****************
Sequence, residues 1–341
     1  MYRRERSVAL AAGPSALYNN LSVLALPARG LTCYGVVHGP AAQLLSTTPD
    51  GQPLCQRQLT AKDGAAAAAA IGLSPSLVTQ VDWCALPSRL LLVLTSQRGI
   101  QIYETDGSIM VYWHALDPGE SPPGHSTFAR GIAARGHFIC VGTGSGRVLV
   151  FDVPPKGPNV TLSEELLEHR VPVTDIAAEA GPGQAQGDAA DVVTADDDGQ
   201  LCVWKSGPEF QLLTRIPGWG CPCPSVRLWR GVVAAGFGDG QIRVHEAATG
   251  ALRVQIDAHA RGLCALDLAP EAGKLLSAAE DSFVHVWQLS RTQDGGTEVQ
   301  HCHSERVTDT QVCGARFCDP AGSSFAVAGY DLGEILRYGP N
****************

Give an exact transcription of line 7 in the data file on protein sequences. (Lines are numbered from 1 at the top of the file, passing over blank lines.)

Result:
   251  ALRVQIDAHA RGLCALDLAP EAGKLLSAAE DSFVHVWQLS RTQDGGTEVQ